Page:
Safe Operation of Automated External Defibrillator (AED)


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Hi, I'm Mark for CPR Certification Institute. Today we're gonna review some safety tips when using an automatic external defibrillator. Now AED technology has shot through the roof over the last decade. You can't go into public without finding an AED hanging on the wall. You're gonna find them in shopping malls, airports. I found one in a bathroom stall the other day, so AEDs are out there, and we want to use them because they're our best chance for saving an adult during a cardiac arrest. But we have to remember what these devices really do, which is stop your heart. That's right. They stop your heart, so they demand a little respect.

Let's review the safe operation of an AED. First, be familiar with your equipment. If you have an AED, know how to use it. Review the owner's manual and be familiar with that device. Next, implanted devices. Most implanted pacemaker or pacemaker defibrillators will be implanted under the patient's left clavicle. That's why when you apply the pads you'll put them on the patient's high right low left. That's to avoid placing a pad on top of or over an implanted device like a pacemaker or implanted defibrillator.

Next, medication patches. Do not place an AED pad on top of a medication patch. Make sure you remove the medication patch first and dry off the area. Many of these medication patches have a metal layer built into them to help keep the medicine going in one direction inside the patient. Again, do not place an AED pad on top of a medication patch. Now, should the patient have say a birth control patch on her hiney, we don't have to go looking for that. We're only concerned about the medication patch placement wherever we're gonna put our AED pad.

Next, gaseous environments. Explosive environments. When can this happen? Well, it can happen in a workplace if you're using flammable gasses. If that's the case, then you may want to refrain from defibrillating the patient in that atmosphere until it could either be vented or preferably the patient removed out of that environment. The last thing we want is this. Clear, shocking in three, two, one ... That, of course, would be bad.

Now generally, electricity and water don't mix. The same holds true when we're applying and using an AED. We want to make sure that the patient's chest is dry before we place the pads. This is for a couple of reasons. One, so that water coming off the patient doesn't transfer the shock to another person. Two, we want that energy going through the heart from one pad to the other pad and through the heart. If the energy gets diverted elsewhere because the patient's wet, that's less energy that could have gone through the heart. Now in most AEDs, they'll have an accessory bag. In that bag should be some kind of towel so you could dry the patient's chest off before applying the AED pads. Make sure your patient's dry.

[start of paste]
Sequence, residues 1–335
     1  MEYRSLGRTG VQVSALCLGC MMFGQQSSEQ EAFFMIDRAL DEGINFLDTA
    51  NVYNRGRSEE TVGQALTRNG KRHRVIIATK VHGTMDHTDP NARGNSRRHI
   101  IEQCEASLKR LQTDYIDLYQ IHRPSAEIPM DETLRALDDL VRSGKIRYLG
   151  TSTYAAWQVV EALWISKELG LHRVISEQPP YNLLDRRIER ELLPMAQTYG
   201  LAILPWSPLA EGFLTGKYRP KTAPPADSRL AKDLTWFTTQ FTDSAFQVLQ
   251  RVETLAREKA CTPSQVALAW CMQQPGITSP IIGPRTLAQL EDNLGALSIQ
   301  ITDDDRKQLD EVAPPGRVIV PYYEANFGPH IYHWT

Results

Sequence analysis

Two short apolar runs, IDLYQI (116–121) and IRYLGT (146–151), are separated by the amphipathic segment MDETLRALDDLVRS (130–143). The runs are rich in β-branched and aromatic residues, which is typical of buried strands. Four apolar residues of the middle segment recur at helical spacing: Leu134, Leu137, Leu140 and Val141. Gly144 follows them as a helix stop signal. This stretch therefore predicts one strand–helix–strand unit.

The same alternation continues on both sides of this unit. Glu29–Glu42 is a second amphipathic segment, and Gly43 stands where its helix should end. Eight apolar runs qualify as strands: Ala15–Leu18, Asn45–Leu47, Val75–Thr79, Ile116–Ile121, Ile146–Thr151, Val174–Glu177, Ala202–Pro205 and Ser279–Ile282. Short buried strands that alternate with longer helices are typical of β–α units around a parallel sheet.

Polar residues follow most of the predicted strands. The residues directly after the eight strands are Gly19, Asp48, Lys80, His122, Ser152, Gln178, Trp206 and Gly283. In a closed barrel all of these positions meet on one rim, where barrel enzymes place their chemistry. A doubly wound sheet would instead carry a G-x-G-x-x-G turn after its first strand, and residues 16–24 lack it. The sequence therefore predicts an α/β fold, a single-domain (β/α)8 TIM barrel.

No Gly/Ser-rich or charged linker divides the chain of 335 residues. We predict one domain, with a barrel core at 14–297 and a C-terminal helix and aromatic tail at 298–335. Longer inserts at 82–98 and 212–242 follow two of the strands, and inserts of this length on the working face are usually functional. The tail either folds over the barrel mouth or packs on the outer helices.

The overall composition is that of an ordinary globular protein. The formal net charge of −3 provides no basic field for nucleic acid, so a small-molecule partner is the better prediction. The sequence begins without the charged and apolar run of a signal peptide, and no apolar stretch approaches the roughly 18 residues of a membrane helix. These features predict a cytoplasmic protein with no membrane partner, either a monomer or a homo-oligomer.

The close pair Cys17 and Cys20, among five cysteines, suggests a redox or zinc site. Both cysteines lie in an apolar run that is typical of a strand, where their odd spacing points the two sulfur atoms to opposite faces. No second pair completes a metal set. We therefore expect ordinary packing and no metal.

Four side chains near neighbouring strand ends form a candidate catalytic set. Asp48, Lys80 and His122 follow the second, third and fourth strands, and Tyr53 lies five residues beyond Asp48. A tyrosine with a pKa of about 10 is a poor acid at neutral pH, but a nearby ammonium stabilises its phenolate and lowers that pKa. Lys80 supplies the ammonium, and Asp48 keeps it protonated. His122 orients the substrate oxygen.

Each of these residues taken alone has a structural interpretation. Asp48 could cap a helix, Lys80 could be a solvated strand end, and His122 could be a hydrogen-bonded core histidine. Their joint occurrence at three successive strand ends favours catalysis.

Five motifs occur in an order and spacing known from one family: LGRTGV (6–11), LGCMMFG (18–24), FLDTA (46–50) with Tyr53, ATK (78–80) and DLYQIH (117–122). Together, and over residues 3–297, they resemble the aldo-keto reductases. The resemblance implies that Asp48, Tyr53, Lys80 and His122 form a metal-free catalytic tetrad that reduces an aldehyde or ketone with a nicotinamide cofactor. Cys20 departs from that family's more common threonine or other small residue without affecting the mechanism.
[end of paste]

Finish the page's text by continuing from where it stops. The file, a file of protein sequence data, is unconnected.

Now when applying the AED pads, you're gonna have to expose the patient's entire chest. Yes, this includes females too. Have a pair of shears inside that bag with your AED. Now, this is for cutting through sweaters, t-shirts, and underwire bras or brassiere. Now on large breasted gals, when she's lying flat on her back her breasts are gonna move laterally. You're gonna place one pad high right and then the low left, do not place it on top of the breast tissue. Lift the breast up, and you're gonna have to place it underneath the breast, again lower left of patient's axilla area on their side. Not only do we have to have the heart in between the pads, but we have to have the pads as close to the heart as possible. If I were to put a pad on top of breast tissue, that's just further the energy has to go to get to the heart. Again, on large breasted gals, high right, lift the breast out of the way, go underneath the breast.

Now, remember when putting the pads on the patient there's wires coming off of those pads. Make certain that the wire doesn't accidentally get caught underneath the pad. Again, anything that diverts energy away from going through that heart is a bad thing. Again, make sure that the wires don't get stuck underneath the pads when you're applying them to the patient.

You're looking at them picture, and you're thinking, "Hey, it's Bigfoot." No, it's actually my father walking to the bathroom at a rest stop in Wisconsin during a family camping trip. We took the picture; it got posted as Bigfoot. The point I'm making here is look how hairy he is. My dad's not covered with hair; he's covered with fur. When applying the AED pads, the pads have to make good contact with the skin. They have to be able to read the rhythm and interpret it and have to be able to deliver the shock. If I put pads on a furry guy, the pads won't make connect. Now in your accessory kit, hopefully, you have a razor or something that you can get rid of some of this hair. If not, a technique you could use is push the pads on as hard as you can, rip them off, give the brother a quick Brazilian, then put the pads back on. Now, this technique might require the use of a second set of pads. One pad to remove the hair; a second set to interpret and defibrillate the patient.

One of the most important safety concerns when using an AED is remembering to clear the patient before you hit that shock button. Before you hit that shock button you look from the head to the toe of the patient, make sure no one's touching the patient. I am clear. You're clear. Shocking in three, two, one, administer the shock.

Quick review. Remember to watch out for wetness, big boobs, hairy people, implanted devices, medication patches, and remember to clear the patient. I'm Mark for CPR Certification Institute, and this has been AED safety and special considerations for use. Remember you can get certified in CPR right now. Log on to and get started. I'm Mark. Thanks for watching. See you in the next video.